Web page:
Intel had another disastrous quarter, but the chipmaker remains optimistic about its IDM 2.0 plans. During its Q4 2022 earnings call, Intel CEO Pat Gelsinger and CFO David Zinsner reiterated that the chipmaker is on track to mass produce its advanced process nodes through 2023 to 2025. Team Blue promises a volume ramp of five EUV nodes in the next four years, namely Intel 4, Intel 3, 20A, and 18A.
The 14th Gen Meteor Lake family leveraging the Intel 4 process is ready for mass production, and the volume ramp is planned for the year’s second half. While the 4nm node will power the next-gen Core lineup, Intel 3 will be used to fab the 6th Gen Xeon Granite Rapids-SP and Sierra Forest cloud processors later the same year.
Looking ahead to the future, the 20A (2nm) and 18A (1.8nm) nodes are making good progress with the engineering release already in the hands of lead customers. The test chips for both process nodes have been taped out, and the final production release is expected in the next few weeks.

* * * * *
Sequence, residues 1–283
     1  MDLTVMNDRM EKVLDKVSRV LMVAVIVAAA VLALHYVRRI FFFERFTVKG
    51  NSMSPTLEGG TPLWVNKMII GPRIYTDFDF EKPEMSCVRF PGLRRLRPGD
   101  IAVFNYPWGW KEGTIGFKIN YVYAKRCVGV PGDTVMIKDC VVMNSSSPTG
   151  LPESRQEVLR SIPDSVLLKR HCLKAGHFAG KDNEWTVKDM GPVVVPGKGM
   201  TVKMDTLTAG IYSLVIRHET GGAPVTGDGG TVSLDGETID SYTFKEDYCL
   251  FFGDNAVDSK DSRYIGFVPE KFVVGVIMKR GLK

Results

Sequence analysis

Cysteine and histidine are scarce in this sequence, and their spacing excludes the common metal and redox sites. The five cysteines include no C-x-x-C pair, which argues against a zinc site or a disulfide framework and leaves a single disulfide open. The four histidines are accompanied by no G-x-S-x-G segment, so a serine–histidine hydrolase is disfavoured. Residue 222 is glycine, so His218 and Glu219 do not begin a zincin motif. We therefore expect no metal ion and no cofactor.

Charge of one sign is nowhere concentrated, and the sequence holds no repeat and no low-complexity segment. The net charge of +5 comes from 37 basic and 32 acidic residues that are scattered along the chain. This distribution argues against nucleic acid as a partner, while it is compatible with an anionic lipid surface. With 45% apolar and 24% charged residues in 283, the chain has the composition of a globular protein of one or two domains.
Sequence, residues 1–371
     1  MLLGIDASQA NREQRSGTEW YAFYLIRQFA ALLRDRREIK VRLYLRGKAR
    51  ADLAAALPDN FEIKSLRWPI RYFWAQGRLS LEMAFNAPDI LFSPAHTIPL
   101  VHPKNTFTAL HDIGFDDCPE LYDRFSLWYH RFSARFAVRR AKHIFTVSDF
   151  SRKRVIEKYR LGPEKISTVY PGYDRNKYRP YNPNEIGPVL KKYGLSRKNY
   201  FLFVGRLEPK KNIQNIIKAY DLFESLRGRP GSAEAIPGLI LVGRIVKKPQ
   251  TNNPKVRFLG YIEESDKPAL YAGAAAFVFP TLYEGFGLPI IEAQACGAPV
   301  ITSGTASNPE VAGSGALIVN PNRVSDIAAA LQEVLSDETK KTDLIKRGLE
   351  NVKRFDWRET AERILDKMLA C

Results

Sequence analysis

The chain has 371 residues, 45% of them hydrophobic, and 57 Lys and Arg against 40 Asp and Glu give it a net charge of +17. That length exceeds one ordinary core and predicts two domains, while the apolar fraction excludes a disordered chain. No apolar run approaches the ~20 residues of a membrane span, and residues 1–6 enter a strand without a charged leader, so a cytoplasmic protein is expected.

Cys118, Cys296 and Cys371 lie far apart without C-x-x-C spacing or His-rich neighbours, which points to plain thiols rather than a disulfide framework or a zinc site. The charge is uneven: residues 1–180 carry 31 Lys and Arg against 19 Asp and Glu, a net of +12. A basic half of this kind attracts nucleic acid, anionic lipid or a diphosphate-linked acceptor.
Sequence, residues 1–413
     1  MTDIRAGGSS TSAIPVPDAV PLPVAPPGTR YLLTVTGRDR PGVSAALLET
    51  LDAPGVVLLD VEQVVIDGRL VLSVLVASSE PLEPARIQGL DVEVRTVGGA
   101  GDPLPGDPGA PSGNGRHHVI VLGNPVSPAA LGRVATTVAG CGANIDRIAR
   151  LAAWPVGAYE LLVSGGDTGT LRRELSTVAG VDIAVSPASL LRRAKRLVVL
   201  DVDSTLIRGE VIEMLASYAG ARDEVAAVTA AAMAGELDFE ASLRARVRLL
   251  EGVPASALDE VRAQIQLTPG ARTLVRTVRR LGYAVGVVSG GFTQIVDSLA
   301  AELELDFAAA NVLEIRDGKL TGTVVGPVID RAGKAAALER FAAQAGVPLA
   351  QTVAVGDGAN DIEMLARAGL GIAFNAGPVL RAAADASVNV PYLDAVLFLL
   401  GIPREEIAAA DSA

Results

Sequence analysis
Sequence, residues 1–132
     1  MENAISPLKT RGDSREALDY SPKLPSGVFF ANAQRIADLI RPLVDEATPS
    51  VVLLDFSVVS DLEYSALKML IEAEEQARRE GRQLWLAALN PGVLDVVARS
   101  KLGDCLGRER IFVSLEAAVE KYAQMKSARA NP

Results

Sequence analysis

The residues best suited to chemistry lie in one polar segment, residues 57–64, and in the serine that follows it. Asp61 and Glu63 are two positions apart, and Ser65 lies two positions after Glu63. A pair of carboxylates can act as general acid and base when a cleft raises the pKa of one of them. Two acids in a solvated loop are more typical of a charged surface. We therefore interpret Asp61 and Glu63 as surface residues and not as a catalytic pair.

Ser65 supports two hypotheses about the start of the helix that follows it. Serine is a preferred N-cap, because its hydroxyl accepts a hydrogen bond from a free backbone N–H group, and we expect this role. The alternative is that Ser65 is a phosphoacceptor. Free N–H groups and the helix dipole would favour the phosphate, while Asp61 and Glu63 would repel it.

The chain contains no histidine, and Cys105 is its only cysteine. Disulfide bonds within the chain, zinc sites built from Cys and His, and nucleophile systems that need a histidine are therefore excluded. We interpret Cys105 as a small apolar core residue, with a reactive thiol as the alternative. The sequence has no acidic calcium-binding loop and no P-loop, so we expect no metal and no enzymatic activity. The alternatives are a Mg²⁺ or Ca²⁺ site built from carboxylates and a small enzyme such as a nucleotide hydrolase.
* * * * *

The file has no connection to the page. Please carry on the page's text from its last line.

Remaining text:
With 4nm (i4) Meteor Lake and 3nm (i3) Granite Rapids set for a late 2024 launch, the next major product on Intel’s roadmap is Lunar Lake. Allegedly based on the Lion Cove (Royal Cove) core architecture designed by Jim Keller, it will be a mobile-centric platform focusing on power efficiency and all-day battery life.
The 15th Gen Lunar Lake family is on track for “production readiness” in 2024, with the first designs already taped out. It’ll keep the P-core count unchanged or perhaps reduce it from six to four and squeeze in more E-cores. Expect a wide range of ultra-thins and convertibles in the future.
Intel plans to achieve “process performance parity” in 2024 and “unquestioned leadership” by 2025 with the 18A or 1.8nm process node. On the client side, we have the first chiplet lineup in the form of Meteor Lake later this year, followed by Lunar Lake in 2024. The data center segment will see the launch of Emerald Rapids, a Sapphire Rapids refresh, towards the end of the year, and Granite Rapids in 2024.
Source: SeekingAlpha (Via: @Harukaze)